My Word for 2017: Allow

By Sarah Chauncey | December 31, 2016

I don’t have any particular New Year’s traditions any more. Through my 20s and 30s, I grew tired of resolutions, then commitments and goals—all things that ultimately made me feel bad about myself (usually within about six weeks). In my early 40s, I decided to focus on how I wanted to grow, and then I released…

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© Emma Simpson / Unsplash

6 Benefits of Slowing Down

By Sarah Chauncey | October 28, 2016

We all want to matter to others. The mistake is in believing that busyness is a sign of our value as human beings. There’s a saner way to live.

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Tree Portrait 16-Oct-23

By Sarah Chauncey | October 23, 2016

From a distance, these trees look uniformly bright pink. Up close, the colors are much more intricate.  

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How to Cope with Really Big Challenges

By Sarah Chauncey | September 11, 2016

It is possible to find inner peace even when you’re dealing with survival-level issues. In my experience, though, it takes significant time and intense focus.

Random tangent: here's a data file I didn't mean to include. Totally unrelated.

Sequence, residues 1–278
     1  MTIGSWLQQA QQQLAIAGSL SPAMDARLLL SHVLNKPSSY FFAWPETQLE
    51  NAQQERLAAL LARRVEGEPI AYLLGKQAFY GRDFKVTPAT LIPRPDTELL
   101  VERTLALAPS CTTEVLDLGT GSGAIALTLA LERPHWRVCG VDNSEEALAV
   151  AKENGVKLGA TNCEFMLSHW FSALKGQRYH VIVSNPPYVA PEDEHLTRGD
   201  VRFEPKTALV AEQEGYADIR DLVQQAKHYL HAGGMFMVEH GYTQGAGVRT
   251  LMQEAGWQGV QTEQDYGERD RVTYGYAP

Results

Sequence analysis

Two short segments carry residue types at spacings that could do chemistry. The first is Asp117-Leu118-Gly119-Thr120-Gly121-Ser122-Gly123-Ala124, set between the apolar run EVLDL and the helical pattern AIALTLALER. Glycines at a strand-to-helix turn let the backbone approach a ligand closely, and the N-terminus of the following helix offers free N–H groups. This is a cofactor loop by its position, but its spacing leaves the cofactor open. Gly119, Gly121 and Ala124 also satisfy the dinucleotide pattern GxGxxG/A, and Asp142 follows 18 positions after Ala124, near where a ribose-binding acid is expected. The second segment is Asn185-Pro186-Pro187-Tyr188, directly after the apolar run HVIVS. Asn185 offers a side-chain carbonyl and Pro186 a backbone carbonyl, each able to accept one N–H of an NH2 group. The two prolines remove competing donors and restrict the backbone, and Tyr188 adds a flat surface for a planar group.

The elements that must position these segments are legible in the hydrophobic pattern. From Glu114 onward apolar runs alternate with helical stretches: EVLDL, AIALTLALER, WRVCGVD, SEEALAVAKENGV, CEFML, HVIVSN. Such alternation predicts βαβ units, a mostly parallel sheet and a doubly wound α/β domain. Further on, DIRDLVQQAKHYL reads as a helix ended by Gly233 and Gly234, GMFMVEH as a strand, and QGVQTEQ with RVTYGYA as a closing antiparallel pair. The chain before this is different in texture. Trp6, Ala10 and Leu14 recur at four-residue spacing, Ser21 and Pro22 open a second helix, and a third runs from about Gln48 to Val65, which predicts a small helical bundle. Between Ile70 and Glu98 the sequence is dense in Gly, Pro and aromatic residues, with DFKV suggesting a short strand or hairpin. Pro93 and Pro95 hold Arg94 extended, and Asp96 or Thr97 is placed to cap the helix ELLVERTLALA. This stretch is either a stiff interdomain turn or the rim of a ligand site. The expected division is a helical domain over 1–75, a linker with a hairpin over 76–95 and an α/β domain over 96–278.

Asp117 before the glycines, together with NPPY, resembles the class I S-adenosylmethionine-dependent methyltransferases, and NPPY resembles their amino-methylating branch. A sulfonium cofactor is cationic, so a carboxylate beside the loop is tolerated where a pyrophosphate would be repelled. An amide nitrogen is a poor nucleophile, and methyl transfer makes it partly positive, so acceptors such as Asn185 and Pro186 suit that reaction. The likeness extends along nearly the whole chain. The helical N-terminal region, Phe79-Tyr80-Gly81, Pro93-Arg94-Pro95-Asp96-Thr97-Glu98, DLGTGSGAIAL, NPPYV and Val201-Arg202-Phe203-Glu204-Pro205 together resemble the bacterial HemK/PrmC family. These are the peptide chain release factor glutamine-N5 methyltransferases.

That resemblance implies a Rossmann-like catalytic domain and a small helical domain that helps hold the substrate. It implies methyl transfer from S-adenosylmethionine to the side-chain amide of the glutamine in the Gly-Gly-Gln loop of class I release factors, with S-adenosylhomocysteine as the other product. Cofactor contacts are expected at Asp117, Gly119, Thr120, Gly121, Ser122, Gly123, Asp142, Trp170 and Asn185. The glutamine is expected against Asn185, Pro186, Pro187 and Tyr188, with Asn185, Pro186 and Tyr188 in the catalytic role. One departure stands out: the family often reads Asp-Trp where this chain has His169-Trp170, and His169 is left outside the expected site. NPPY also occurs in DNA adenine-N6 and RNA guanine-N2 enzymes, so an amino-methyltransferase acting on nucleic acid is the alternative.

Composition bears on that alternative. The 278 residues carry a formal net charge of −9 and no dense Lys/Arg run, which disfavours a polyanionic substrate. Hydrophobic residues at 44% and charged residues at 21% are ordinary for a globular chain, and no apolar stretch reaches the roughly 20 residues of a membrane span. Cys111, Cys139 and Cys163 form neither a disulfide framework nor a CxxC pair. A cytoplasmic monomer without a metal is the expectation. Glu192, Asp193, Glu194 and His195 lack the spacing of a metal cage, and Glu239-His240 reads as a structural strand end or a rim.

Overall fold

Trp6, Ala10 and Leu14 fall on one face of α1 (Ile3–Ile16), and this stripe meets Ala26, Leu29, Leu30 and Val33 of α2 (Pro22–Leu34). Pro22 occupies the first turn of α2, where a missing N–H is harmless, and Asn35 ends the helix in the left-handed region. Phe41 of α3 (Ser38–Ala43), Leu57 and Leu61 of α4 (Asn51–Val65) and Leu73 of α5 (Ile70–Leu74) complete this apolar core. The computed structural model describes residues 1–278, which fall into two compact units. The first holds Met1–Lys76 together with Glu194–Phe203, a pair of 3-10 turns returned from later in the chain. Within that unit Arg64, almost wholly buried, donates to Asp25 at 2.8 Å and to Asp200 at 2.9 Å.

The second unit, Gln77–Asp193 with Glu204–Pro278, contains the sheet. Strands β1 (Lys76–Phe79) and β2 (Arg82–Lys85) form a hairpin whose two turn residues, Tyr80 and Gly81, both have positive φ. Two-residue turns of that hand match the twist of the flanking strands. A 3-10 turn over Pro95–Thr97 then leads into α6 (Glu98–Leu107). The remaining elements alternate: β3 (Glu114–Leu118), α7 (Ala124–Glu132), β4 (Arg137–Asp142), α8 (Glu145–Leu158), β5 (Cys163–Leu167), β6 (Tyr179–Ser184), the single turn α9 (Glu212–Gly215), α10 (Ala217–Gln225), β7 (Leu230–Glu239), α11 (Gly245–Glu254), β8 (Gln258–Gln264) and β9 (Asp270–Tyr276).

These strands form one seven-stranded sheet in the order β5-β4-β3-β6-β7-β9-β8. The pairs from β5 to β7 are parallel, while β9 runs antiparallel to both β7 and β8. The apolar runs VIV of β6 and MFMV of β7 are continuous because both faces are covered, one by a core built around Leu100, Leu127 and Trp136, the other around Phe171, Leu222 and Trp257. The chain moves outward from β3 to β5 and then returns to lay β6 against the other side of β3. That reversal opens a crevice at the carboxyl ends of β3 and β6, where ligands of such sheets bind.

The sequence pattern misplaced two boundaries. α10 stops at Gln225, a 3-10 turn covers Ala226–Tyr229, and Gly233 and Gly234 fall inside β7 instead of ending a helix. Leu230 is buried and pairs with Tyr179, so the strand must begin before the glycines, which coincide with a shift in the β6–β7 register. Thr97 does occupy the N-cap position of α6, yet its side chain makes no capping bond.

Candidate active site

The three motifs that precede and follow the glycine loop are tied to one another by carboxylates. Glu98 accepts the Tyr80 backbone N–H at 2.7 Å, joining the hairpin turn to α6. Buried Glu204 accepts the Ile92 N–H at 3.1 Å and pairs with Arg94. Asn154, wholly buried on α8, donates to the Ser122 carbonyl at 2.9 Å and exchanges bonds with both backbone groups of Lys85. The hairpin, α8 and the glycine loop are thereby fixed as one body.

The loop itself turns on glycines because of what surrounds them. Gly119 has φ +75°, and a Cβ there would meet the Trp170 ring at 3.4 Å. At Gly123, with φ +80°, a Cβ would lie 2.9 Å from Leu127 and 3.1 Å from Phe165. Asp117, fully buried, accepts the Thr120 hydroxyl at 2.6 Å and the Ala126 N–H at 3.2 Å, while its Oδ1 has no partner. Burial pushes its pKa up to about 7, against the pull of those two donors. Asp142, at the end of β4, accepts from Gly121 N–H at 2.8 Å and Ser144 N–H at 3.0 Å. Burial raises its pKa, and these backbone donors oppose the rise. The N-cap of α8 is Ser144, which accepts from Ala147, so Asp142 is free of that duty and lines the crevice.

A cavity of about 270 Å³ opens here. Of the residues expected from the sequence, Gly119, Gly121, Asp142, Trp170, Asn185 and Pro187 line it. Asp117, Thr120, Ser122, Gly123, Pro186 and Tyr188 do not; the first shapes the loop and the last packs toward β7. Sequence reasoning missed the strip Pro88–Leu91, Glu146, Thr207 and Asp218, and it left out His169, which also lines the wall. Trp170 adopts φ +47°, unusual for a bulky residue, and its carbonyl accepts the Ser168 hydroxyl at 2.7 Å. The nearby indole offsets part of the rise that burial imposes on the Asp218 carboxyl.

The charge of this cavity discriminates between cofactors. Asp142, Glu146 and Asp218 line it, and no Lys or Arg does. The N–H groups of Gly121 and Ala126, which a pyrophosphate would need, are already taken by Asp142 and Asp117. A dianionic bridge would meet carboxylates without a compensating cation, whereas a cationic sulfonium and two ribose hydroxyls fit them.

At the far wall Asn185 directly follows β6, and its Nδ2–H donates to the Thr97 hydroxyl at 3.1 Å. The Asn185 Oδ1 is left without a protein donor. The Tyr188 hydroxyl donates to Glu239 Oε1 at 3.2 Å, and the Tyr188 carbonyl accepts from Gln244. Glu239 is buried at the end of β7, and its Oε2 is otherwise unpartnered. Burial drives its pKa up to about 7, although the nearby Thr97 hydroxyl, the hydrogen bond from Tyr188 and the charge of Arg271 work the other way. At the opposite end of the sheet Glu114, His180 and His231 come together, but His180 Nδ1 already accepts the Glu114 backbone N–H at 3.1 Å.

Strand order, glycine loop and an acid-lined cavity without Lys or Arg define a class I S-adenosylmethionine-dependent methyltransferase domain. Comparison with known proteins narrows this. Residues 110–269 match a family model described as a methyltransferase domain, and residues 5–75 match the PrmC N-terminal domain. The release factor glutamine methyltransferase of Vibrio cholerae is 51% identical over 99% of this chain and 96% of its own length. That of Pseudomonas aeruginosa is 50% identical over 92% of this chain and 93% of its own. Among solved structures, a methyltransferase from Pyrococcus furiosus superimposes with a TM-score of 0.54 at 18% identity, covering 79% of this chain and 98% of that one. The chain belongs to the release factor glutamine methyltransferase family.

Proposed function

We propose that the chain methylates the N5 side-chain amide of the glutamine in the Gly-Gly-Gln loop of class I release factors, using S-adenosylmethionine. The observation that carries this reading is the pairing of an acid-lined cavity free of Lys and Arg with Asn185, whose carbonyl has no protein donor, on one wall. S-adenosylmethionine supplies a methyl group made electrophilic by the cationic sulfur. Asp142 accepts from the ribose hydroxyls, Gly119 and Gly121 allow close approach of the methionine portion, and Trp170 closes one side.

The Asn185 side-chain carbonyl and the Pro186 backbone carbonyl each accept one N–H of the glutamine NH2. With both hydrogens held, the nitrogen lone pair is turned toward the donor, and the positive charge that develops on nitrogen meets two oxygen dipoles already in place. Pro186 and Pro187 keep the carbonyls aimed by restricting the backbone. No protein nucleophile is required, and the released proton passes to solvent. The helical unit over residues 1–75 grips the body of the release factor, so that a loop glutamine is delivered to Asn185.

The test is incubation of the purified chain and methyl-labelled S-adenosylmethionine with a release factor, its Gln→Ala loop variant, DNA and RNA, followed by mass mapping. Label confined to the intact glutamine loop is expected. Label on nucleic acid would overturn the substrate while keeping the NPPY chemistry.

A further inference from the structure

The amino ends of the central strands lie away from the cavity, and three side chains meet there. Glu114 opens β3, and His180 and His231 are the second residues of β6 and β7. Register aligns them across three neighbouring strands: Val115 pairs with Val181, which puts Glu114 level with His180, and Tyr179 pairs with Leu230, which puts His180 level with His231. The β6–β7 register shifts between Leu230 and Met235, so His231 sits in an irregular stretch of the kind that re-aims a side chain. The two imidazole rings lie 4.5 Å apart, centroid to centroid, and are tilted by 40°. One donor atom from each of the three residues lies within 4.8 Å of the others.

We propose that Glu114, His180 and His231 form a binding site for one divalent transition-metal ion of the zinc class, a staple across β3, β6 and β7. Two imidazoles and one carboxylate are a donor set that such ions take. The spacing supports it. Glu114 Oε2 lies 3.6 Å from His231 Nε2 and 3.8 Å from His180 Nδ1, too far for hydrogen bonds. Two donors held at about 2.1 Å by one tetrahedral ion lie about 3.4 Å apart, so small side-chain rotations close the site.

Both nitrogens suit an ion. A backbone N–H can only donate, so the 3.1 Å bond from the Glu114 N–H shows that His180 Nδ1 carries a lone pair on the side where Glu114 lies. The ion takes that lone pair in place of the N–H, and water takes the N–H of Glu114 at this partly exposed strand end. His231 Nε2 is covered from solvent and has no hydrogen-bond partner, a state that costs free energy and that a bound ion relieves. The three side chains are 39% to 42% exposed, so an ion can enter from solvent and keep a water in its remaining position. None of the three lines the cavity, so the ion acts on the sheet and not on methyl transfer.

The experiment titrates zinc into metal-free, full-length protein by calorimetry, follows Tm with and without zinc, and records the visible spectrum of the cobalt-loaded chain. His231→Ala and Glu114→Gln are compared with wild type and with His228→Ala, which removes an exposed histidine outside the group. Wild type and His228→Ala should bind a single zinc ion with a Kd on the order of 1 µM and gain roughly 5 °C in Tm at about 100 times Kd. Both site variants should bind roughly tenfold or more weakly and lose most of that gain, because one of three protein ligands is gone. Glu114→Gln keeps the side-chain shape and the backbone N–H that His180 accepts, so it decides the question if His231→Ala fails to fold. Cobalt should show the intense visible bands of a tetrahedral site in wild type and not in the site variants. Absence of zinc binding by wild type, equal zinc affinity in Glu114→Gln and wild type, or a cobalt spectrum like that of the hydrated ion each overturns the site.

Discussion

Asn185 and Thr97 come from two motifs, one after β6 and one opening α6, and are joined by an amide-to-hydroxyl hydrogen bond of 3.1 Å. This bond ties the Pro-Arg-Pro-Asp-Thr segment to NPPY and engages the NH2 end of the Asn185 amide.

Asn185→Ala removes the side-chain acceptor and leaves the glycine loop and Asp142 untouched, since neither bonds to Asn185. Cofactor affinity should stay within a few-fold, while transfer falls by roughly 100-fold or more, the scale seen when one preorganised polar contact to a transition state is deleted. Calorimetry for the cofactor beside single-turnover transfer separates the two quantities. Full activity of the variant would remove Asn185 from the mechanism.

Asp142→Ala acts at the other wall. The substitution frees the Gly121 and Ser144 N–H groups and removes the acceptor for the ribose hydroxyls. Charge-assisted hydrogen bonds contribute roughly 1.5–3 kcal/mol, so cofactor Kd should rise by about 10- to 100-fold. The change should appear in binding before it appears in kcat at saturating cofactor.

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50 Thoughts on Turning 50

By Sarah Chauncey | June 17, 2016

On the last day of my 40s, I’m writing a list of things I’ve learned so far. (I know, it’s not exactly original, but it is mine.) Without children, a marriage or a traditional career milestones, this birthday has snuck up on me. In some ways, I feel blindsided. And yet, here I am. Arguing…

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An Open Letter to Those Going off Medication

By Sarah Chauncey | May 19, 2016

Going off meds is a very personal decision, not one that should be imposed on anyone…nor should anyone be coerced into staying on them.

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How to Experience Music as a Spiritual Teaching

By Sarah Chauncey | February 18, 2016

I love music—who doesn’t?—yet it had never occurred to me that music itself could be a teaching, that it could bring people to the place, the experience, that spiritual teachers’ words point to, the transcendence that’s sometimes found in meditation (and often isn’t). But that’s exactly what one song did.  As Martin Mull famously said, writing about…